It’s 30 years since Dire Straits’ Brothers in Arms began the CD boom. How did the revolution in music formats come about and what killed it?http://www.theguardian.com/music/2015/may/28/how-the-compact-disc-lost-its-shine
Dire Straits’ Mark Knopfler was an early convert (the second track on Pure, Perfect Sound Forever, the motley 1982 compilation that came free with early CD players, was Dire Straits’ Once Upon a Time in the West). Knopfler insisted on recording Brothers in Arms on state-of-the-art digital equipment, so a promotional partnership was a natural fit. Philips sponsored Dire Straits’ world tour and featured the band in TV commercials with the slogan, attributed to Knopfler: “I want the best. How about you?”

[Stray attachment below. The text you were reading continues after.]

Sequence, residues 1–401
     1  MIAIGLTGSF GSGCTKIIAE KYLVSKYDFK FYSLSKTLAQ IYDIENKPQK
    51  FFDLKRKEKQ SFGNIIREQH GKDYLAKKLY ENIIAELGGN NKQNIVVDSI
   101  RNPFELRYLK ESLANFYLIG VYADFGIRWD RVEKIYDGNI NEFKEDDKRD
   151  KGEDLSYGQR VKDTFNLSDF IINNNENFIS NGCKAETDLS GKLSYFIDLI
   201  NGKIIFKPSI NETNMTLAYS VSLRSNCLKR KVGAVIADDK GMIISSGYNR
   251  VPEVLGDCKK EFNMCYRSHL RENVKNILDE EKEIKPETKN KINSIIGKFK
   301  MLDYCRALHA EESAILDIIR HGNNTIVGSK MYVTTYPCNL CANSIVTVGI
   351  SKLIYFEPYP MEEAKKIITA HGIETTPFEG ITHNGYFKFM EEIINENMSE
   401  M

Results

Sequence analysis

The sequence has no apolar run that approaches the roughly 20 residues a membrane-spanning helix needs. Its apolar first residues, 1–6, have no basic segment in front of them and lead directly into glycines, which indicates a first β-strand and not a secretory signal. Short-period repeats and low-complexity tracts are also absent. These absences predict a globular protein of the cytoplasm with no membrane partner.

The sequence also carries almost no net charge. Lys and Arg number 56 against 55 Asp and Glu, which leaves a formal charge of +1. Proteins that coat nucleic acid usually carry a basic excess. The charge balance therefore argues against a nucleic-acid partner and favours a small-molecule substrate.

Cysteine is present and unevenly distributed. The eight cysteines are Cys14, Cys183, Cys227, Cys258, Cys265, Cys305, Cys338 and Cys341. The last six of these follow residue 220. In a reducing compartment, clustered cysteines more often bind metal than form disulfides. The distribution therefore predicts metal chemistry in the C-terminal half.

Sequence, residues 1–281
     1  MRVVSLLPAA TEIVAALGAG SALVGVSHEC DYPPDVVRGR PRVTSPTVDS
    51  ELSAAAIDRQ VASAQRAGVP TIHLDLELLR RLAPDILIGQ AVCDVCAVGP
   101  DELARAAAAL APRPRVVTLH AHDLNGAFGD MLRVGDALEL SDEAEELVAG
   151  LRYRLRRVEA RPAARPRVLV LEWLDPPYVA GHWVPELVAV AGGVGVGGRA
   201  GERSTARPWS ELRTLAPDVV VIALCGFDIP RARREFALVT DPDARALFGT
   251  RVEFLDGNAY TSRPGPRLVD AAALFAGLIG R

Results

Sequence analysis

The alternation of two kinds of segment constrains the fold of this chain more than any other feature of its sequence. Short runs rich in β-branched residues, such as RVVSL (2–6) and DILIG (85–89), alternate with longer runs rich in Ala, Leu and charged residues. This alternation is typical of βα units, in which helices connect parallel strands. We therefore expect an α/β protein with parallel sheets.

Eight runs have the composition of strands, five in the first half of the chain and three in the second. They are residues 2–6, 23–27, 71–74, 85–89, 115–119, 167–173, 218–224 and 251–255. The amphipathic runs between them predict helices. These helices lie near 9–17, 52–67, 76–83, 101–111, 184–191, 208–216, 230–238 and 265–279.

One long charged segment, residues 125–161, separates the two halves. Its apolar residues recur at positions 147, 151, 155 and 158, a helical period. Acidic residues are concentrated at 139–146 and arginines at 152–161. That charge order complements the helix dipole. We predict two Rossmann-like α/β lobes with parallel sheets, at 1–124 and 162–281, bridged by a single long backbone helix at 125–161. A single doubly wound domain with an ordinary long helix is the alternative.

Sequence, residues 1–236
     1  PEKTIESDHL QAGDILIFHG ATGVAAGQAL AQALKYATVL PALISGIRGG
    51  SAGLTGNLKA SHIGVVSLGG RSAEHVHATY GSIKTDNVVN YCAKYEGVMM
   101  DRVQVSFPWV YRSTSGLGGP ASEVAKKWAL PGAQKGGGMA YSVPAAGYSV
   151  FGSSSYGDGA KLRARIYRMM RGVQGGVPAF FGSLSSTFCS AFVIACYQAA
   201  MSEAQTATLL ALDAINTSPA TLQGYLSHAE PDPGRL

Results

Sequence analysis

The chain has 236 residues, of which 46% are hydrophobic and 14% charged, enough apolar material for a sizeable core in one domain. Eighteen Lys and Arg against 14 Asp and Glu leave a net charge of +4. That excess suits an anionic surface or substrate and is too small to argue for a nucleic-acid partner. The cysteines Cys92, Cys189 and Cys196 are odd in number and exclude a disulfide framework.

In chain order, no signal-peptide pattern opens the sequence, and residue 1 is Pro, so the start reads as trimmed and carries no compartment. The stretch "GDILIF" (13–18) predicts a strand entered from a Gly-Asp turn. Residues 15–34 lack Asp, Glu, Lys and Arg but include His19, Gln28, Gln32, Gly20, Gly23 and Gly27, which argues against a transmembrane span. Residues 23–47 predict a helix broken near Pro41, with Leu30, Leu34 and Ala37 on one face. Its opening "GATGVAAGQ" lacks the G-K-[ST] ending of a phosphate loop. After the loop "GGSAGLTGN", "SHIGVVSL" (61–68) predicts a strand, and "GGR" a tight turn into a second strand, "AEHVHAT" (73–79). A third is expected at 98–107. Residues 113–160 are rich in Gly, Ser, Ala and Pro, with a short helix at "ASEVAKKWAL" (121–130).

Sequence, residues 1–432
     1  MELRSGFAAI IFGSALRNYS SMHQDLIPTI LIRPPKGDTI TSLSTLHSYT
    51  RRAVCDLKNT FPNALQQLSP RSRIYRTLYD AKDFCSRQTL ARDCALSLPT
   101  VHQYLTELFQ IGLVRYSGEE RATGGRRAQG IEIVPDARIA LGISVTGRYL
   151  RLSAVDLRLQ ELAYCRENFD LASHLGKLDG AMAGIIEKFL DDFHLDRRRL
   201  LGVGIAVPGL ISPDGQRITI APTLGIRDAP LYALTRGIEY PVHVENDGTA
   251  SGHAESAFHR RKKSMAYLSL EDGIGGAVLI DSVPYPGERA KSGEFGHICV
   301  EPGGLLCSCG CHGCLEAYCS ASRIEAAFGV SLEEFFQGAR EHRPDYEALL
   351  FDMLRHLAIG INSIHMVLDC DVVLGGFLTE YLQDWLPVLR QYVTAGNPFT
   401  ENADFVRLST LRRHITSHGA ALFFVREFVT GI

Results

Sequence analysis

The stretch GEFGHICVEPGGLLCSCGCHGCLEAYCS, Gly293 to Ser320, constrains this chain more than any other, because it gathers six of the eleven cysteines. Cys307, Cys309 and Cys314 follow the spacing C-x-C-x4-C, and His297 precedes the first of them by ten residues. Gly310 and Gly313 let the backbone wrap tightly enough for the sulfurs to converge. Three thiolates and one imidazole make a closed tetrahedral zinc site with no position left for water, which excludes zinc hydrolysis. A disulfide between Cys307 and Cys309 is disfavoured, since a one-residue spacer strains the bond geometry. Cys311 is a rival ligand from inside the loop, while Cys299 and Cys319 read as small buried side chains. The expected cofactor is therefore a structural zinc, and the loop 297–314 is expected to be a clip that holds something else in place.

“Brothers in Arms was an iconic release,” says Gennaro Castaldo. “The CD came to symbolise the so-called yuppie generation, representing new material success and aspiration. If you owned a CD player it showed you were upwardly mobile. Its significance seemed to go beyond music to a lifestyle statement.” Mark Knopfler of Dire Straits, quick to see the potential of CD as a format. Photograph: Fin Costello/Redferns
Brothers in Arms coincided perfectly with an economic recovery, more affordable CD players and the music industry’s post-Live Aid uptick. Philips had predicted that annual worldwide sales would surpass 10m that year while Sony anticipated twice that number. In fact, the figure was 61m, rising to 140m in 1986.